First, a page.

Nov 11, 2021

Mental Health in the Workplace: Recognizing, Validating, and Prioritizing Your Employees’ Needs

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    It’s never been more important to better your workplace environment by supporting the mental health of your employees.


    New research from The Hartford reports 70% of employers in the US recognize employee mental health as a significant workplace issue, an increase of 11% from last year.

    Since the beginning of the COVID-19 pandemic, many businesses experienced an upend in workplace culture. In this societal shift and disturbance of routine, the conversation around mental health in the workplace has been brought to the forefront. The well-being of employees is becoming widely recognized and validated by employers as new societal norms are being developed. Removing stigmas around mental health and necessary treatment are essential as we move forward.

    “Our new data on stigma is a wake-up call,” says The Hartford’s Chairman and CEO Christopher Swift. “As the U.S. economy is re-built, we urge business leaders to continue to prioritize employee mental health – fostering stigma-free company cultures, increasing access to resources, and encouraging early treatment.”


    Untreated Mental Health Issues in Your Workforce Can Affect the Entire Business

    The data in The Hartford’s study explores the unplanned and expensive absences and prolonged disability leaves that untreated mental health and substance use disorders can lead to. Mental health conditions rank among the top five reasons workers in the US may file a disability leave claim. Furthermore, an individual diagnosed with a mental health condition such as anxiety or depression can take two to three times longer to recover than someone with similar injuries or illness and no additional mental health condition.

    Extended medical leave can cause economic disruptions in the line of business where employees are out of work for longer and need temporary or permanent replacements in their roles. Employees struggling with an untreated mental illness report greater difficulty completing day-to-day tasks and are less likely to be retained over a longer period of time.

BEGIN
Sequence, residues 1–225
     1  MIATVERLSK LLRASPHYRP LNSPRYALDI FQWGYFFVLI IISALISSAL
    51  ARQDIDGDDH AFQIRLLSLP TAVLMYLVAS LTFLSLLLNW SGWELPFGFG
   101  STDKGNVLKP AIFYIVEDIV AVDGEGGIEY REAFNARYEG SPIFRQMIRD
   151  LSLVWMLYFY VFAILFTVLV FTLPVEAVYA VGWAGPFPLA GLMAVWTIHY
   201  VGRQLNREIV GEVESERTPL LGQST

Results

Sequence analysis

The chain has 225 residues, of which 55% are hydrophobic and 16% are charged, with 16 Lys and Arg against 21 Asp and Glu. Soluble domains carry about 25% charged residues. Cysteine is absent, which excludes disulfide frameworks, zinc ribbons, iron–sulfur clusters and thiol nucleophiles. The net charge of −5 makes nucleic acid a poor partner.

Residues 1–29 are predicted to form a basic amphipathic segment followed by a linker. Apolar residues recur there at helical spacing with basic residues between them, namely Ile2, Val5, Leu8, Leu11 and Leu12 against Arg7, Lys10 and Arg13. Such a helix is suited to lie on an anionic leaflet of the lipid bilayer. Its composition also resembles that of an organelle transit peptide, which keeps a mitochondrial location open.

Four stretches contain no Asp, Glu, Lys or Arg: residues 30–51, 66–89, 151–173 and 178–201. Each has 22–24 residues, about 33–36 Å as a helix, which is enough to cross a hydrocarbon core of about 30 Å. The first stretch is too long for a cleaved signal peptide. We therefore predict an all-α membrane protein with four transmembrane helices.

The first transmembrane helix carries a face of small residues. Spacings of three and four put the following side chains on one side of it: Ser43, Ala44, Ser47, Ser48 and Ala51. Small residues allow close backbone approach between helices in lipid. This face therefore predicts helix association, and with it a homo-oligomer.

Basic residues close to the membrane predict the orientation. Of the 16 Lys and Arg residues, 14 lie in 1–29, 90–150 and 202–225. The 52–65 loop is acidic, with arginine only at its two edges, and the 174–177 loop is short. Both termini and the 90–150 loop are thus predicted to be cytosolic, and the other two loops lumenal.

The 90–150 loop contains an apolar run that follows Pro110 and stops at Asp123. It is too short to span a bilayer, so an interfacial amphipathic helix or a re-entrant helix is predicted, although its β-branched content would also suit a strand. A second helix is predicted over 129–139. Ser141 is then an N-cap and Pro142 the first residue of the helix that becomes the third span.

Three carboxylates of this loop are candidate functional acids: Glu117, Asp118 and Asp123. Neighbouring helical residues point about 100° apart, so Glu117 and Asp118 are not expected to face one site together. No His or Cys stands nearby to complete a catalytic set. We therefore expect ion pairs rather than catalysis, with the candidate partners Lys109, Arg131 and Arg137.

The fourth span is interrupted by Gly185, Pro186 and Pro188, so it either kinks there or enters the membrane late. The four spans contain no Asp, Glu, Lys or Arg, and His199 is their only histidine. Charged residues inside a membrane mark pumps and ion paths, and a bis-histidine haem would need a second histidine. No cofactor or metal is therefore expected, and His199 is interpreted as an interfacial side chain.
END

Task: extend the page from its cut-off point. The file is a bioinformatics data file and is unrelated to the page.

Slowed output and production are the last things your business needs during a time of global economic recovery and a hard market in the recruiting and hiring sector. It is in the company’s best interest to care for and retain current employees, bettering both the office culture and business as a whole.

    More than ever, there is an urgent need for education and communication about mental illness and addiction in the workplace.

    “We are acutely aware that the need for mental health services is only increasing and reducing stigma in the workplace is paramount to improving the lives of employees,” Daniel H. Gillison Jr., CEO of National Alliance on Mental Illness (NAMI) reports. “Mental health support in the workplace is a win-win for both workers and businesses.”


    Use Frequent, Supportive Communication to Encourage Treatment and Reduce Stigmas

    To help reduce stigmas and show support in your workplace, regularly communicate benefits and programs that support overall well-being to your staff. When employees are made aware of how and where to get help, they can more easily access the benefits and resources when the need arises.

    There are simple ways you can soften the conversation and reduce the stigma on mental health in your workplace.

    • Use respectful and sensitive language to talk about mental illness and addiction, avoiding harmful words that may perpetuate stigma
    • Communicate helpful hotlines or provide information regarding available resources for employees
    • Provide mental health training to managers and senior leaders that include information about mental illnesses, potential warning signs, and stigmatizing language guidelines
    • Offer an Employee Assistance Program encouraging sleep management, mindfulness, or other ways to help improve mental and physical health


    A Healthy Workforce is a Healthy Business

    By opening communication and offering resources on mental health and wellness, you can better your workplace productivity, retain quality employees longer, and reduce costs of absences and prolonged disability among employees.

    Keep your company on track for healthy workplace culture by implementing strategies to validate and support your employee’s mental health, reduce the stigma against treatment, and form a more inclusive environment for your business to thrive.


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